On Saturday 20th October 2012, the Academy of Ideas presented a debate on the idea of a European Spring.
About the debate:
Perry Anderson in his book The New Old World argued that the ‘contempt for elementary principles of democracy shown by the elites of the [European] Council and Commission… is reciprocated by the disdain of the masses for the Parliament that supposedly represents them, [and yet] who ignore it in ever increasing numbers’. Many commentators today share his awareness of a divide between European politicians and their electorates. There has been a long-term trend of disengagement and apathy with respect to the EU: evidenced in a rising decline in electoral turnout. The recent emergence of new social movements – the Indignados, Occupy, the Pirate Party, to name a few – may represent a growing consciousness of the problem as well as a desire to address it. Is there a chance that the people could be about to forge a new European political form?
The huge numbers of unemployed (particularly among the young), the crippling levels of debt, fears of inflation, the spectre of beggar-thy-neighbour protectionism across Europe all cry out for a new politics and for new solutions, to match them. And not much in the way of alternatives has been on offer for years. Yet, do these new movements and parties really represent an alternative? Much of their appeal seems to lie in a rejection of politics itself. This is maybe best expressed by the German Pirate Party’s demand for a “liquid politics”, a technological realisation of a politics beyond left and right. This parallels the response of European leaders like Angela Merkel and Manuel Barroso, which has often seemed to lean towards a wish that the messy business of democracy would just go away or, at least, be suspended for a while so the crisis could be cleaned up by the experts.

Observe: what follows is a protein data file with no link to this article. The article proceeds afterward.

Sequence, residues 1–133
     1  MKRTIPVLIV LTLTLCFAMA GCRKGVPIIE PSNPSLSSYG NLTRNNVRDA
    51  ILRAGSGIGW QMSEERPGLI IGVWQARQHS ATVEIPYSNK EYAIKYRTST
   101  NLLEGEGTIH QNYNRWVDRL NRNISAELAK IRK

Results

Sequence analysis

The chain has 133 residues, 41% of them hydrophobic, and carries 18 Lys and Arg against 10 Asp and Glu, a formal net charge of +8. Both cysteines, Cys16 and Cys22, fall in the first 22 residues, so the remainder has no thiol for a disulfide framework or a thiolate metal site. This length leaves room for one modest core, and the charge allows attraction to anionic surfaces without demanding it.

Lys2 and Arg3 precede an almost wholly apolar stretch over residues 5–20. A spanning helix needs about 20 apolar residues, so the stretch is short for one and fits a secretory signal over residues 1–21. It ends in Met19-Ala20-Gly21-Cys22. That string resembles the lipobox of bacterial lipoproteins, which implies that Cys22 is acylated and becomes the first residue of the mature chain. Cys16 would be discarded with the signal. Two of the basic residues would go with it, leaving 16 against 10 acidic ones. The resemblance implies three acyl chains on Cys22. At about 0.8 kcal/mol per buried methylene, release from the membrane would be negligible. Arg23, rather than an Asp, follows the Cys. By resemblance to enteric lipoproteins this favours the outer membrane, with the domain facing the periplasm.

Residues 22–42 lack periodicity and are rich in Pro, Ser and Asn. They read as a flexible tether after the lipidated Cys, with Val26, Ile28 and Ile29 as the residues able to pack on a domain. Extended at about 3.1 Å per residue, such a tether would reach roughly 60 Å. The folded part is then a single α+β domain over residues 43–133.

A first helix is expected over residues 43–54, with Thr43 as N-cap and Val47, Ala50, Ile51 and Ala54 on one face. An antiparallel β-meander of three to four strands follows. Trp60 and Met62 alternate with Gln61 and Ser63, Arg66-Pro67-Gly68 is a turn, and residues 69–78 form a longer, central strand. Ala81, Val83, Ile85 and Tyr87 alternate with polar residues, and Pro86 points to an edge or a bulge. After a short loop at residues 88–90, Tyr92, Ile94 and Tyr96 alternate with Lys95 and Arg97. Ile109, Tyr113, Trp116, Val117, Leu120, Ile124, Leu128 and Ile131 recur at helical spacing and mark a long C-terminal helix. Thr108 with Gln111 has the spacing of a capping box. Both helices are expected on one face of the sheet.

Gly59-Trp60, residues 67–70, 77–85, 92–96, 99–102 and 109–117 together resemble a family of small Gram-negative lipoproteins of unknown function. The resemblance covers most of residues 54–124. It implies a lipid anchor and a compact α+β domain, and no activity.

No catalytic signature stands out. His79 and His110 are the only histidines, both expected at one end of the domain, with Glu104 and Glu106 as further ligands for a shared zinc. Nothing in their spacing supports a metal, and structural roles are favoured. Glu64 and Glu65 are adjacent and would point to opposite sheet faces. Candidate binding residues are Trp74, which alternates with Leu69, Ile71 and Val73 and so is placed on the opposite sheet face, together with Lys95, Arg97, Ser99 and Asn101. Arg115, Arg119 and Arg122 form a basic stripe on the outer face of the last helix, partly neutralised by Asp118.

Might there be something to fears that politics could be taking a new populist turn across Europe? Do populists actually offer a way out of the crisis, or are they lying to the electorate, only gaining votes from those with nothing to lose, rather than those with something to gain? And what should we make of the ease in which elected governments have been swept aside in for example Italy and Greece? When a Polish foreign minister calls for German leadership to save Europe, should we be relaxed about her contemporary economic and political muscle? When the language of force is back in use in European politics, is it so irresponsible to fear for our futures? What is the reality of European politics today? And what shape might it have tomorrow?
Teacher, Leiden Law School; Columnist, NRC Handelsblad; Author, The Significance of Borders: why representative government and the rule of law require nation states
Convener, No2EU – Yes to Democracy
Freelance Journalist; Contributor, NovoArgumente; Columnist, Schweizer Monat
Founder and Secretary-general, European Cultural Parliament; former Swedish Ambassador; Author, A Better Life on Earth (forthcoming)
Adjunct Professor, International Relations, American University of Rome
PhD student; Assistant Lecturer in Environmental Sociology, University of Kent, Canterbury
Political Scientist and Columnist, Krytyka Polityczna, Poland
Brussels Correspondent, Daily Telegraph; Co-Author, No Means No
Head of external relations, Academy of Ideas; Chair, IoI Economy Forum; Convenor, The Academy